Glass Manufacturers’ Motion for Plaintiffs to Produce Sales Data in Anti-Trust Suit Denied
January 26, 2010

The U.S. District Court for the Western District of Pennsylvania has denied a motion made by several glass manufacturers who are the defendants in an ongoing anti-trust suit. They had filed a motion in early December seeking for the court to compel some of the glass shops who filed the suit to provide their own sales data for the period of time covered by the suit (July 2002-December 2006). (CLICK HERE for related story.)

The judge who made the ruling, Donetta W. Ambrose, wrote the following in his denial of the motion.

“I am not persuaded … that such information is relevant or necessary to determine class certification,” Ambrose says.

AGC Flat Glass North America, Guardian Industries, Pilkington North America and PPG Industries are the defendants in the suit, in which a range of glass businesses across the United States have alleged that they engaged in a conspiracy to fix prices; a great deal of the suit focuses on fuel and energy surcharges set forth by the manufacturers during the period of July 2002 through December 2006.

The manufacturers in question had argued that by requesting the "named plaintiffs'" sales data, "it [would] shed light both on whether the Named Plaintiffs can adequately represent the class and on whether the Named Plaintiffs can show impact common to the class."

"Here, any of the Named Plaintiffs who were able to successfully mark up, or at least pass on, Defendants' price increases or energy surcharges to their customers may actually have benefits from Defendants' allegedly wrongful conducts—or at least have been unharmed," read this original motion. "While this may not be a defense to liability in an individual suit under the Sherman Act, it raises the key question of whether a Named Plaintiff who benefited from the Defendants' price increase can represent the interests of an absent class member who did not."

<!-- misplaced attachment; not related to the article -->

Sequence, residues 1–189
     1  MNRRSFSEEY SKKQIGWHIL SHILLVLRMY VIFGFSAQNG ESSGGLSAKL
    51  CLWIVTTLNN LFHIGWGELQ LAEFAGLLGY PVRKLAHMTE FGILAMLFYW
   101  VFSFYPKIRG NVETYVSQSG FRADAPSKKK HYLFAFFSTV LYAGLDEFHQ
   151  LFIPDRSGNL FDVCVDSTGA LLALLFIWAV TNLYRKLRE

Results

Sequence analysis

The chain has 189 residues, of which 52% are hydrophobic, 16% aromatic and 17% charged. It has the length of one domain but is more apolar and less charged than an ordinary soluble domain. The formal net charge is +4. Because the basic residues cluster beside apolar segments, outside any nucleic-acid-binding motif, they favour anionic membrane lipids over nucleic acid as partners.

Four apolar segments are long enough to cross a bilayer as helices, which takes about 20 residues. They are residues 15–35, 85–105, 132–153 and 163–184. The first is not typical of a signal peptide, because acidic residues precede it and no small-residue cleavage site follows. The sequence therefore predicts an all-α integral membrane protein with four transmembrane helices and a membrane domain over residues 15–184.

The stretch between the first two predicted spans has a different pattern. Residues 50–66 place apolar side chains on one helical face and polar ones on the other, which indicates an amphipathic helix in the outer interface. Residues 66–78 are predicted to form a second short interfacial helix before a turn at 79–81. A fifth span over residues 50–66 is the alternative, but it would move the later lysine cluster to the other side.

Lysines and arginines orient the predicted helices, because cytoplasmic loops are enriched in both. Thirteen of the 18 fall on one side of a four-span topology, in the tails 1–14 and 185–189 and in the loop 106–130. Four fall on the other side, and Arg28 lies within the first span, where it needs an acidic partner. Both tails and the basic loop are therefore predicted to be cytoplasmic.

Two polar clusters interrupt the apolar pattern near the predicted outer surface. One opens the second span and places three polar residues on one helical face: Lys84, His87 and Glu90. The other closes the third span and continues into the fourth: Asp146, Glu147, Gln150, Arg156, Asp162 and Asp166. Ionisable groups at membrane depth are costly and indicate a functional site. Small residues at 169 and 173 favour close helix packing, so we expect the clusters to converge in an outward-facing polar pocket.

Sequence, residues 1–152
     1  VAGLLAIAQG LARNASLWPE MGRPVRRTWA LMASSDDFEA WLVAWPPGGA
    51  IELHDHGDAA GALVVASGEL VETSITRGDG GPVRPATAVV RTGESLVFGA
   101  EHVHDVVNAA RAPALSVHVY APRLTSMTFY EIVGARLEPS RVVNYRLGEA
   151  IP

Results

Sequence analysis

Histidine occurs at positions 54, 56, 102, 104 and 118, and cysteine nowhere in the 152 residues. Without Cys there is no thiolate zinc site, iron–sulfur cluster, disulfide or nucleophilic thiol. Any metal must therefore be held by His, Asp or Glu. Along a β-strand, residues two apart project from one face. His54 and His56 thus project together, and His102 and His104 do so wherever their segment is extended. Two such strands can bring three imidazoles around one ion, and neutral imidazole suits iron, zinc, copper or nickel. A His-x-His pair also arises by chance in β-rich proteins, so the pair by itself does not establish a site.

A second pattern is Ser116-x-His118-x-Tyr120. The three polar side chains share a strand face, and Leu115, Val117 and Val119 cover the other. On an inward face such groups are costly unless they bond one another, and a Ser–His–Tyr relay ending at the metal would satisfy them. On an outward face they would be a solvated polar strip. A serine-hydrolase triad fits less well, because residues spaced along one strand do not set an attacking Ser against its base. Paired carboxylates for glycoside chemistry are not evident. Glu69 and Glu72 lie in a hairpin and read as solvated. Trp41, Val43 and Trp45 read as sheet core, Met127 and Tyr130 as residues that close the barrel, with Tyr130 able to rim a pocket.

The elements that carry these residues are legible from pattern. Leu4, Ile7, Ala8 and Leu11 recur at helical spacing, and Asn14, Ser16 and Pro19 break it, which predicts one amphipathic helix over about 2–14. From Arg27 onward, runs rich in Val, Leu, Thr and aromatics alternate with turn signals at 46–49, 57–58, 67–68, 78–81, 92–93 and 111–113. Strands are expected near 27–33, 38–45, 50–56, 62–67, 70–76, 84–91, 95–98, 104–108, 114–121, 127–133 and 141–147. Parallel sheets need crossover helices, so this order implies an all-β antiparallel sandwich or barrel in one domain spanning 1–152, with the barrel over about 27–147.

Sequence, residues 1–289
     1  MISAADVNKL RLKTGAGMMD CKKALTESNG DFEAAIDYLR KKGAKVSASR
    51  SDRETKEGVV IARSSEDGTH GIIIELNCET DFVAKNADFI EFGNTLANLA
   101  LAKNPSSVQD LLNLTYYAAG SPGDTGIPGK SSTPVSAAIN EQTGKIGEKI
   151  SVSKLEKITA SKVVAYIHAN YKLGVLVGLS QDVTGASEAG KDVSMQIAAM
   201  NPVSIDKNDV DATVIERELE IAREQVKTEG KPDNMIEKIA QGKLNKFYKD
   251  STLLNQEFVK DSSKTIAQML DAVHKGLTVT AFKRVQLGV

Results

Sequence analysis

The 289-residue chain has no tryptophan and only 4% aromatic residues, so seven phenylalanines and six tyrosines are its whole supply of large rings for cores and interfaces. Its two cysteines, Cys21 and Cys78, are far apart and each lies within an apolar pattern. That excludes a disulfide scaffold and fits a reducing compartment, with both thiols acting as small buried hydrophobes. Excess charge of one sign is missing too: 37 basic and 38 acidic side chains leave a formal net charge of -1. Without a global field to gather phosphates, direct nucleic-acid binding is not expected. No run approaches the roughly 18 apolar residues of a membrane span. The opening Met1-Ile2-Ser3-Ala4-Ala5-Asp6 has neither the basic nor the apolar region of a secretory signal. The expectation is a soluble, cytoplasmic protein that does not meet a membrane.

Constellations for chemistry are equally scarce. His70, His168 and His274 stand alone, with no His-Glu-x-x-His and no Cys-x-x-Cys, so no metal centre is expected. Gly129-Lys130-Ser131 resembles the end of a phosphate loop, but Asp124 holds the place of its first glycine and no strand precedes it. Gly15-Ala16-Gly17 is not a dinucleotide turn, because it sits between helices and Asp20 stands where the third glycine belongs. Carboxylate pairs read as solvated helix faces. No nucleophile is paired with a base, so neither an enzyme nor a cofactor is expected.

Among the items plaintiffs claim was the result of price-fixing were fuel surcharges they faced "from at least July 1, 2002, and continuing through at least December 31, 2006."

However, in their brief in support of the denied motion seeking the plaintiffs’ sales data, the defendants had argued that "plaintiffs' sales prices may, in some or all instances, be based on a 'cost-plus' model, such that the plaintiff may actually profit from the prices or surcharges about which they complain in this case."

The data they had requested included documents that showed the date of each sale, the type of product sold, the quantity purchased, the gross and net price, the type and amount of any surcharges, the identity of the manufacturer and distributor, and the corporate entity that made the purchase, according to court documents.

In addition, the defendants had requested "all documents relating to any energy or natural gas surcharges" charged to their customers.

The original motion was made on December 7, and the denial was filed on January 6.

This particular suit is the result of the consolidation of several others, the first of which was filed in December 2007, shortly after the European Union levied fines on several European glass manufacturers and European subsidiaries of glass manufacturers for allegedly engaging in a conspiracy to fix prices. (CLICK HERE for related story.)

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